Last Sunday I visited the New Land Trust for the first time. A friend and I met Steve Jenks, the longtime trail builder, on Plumadore Road in Saranac and set off for a few hours of exploring interspersed with storytelling, trail work and photography.
At the clubhouse we learned about the ambitious project started by a group of four friends from Plattsburgh State in the 1970s. Wanting to live off the land, they bought 287 acres and started working it.
A few decades later their legacy is a big piece of property with miles of trails that are perfect for day hikers, birders, dog walkers and cross-country skiers. Thanks to many volunteers and supporters, this property is entirely open to the public.
Last Sunday, Steve led us on a tour featuring a lean-to, outhouses, bridges, benches and trail signs. The trails wind through old orchards and a variety of forest types, but it was the stone walls that captivated me.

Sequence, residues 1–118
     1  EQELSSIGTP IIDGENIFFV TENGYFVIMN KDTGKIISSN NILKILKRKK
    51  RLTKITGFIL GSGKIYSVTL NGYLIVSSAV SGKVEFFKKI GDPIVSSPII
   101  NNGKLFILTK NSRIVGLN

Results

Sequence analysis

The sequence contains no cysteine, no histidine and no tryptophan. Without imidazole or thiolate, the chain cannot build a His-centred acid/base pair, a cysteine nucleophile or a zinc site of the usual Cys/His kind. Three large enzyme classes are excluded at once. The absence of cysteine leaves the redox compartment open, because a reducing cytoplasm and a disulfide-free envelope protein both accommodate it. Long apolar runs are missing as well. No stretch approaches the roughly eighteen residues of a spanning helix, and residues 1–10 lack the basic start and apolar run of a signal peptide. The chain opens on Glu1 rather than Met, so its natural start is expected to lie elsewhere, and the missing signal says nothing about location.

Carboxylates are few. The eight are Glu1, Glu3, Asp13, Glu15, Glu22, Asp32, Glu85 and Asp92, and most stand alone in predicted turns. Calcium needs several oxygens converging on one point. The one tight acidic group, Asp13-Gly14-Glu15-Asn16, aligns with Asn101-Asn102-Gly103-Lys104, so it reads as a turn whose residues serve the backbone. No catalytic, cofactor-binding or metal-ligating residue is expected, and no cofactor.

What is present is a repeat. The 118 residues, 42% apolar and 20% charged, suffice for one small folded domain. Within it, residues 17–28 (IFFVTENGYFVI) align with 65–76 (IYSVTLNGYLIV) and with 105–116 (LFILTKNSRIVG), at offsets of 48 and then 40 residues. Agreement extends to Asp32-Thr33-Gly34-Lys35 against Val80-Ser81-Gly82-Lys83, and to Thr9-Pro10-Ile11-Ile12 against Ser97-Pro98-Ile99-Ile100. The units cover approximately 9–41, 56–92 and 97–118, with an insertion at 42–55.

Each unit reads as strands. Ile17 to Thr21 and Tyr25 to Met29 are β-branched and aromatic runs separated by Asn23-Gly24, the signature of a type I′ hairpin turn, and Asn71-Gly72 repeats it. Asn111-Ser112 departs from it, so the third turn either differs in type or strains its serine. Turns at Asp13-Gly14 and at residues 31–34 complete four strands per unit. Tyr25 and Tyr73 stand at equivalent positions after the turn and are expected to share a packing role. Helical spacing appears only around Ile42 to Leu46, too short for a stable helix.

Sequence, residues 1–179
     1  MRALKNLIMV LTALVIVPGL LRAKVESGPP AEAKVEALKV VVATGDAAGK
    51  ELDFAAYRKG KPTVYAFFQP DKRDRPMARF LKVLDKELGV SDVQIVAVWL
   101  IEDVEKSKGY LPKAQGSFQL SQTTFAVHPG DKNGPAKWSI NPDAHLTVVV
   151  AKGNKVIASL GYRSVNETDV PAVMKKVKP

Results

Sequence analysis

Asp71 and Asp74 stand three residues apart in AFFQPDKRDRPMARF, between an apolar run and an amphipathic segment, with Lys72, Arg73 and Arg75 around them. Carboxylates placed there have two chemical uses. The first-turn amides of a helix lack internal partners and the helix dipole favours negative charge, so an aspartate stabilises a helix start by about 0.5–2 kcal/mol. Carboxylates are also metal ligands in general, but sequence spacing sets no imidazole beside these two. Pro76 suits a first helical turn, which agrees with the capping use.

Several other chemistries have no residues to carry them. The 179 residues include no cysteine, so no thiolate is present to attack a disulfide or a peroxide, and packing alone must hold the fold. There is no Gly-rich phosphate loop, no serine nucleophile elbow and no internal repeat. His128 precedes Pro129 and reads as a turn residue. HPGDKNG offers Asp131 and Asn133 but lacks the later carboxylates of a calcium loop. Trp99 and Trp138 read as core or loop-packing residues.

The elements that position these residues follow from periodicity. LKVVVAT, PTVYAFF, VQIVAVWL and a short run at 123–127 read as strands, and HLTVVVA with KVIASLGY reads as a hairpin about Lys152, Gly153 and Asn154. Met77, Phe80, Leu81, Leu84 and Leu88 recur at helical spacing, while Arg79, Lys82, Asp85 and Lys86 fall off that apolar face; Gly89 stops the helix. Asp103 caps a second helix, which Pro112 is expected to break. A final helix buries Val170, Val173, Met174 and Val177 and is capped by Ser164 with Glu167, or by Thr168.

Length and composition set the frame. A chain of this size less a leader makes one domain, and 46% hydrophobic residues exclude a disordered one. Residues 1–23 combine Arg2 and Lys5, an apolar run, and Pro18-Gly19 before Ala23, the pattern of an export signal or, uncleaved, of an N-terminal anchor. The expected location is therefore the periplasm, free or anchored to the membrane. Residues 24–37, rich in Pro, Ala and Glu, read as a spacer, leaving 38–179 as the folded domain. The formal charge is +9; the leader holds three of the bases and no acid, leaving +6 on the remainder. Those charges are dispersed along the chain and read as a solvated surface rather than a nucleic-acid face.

Some trails travel beside a wall; others cross through openings that were made when the walls were built or when recent trails were designed. It was impossible to pass the walls without imagining the hours of backbreaking work by people, oxen or horses. Maybe all three. The walls stretch for hundreds of yards and seem to have been built for field boundaries and livestock enclosures, all of which are now beneath another generation of forest canopy.
Stone walls are not found all over the United States; they are special to New England and upstate New York. Rocks in our walls come from the geologic history that left stony glacial till on the surface of the land. European settlers between 1750 and 1850 likely built stone walls, after the American Revolution but before industrialization changed agriculture and supplied wire fencing. Forests were cut and the stumps that were uprooted to make way for plows exposed many rocks on the surface. Frost heaves would have gouged out more each year.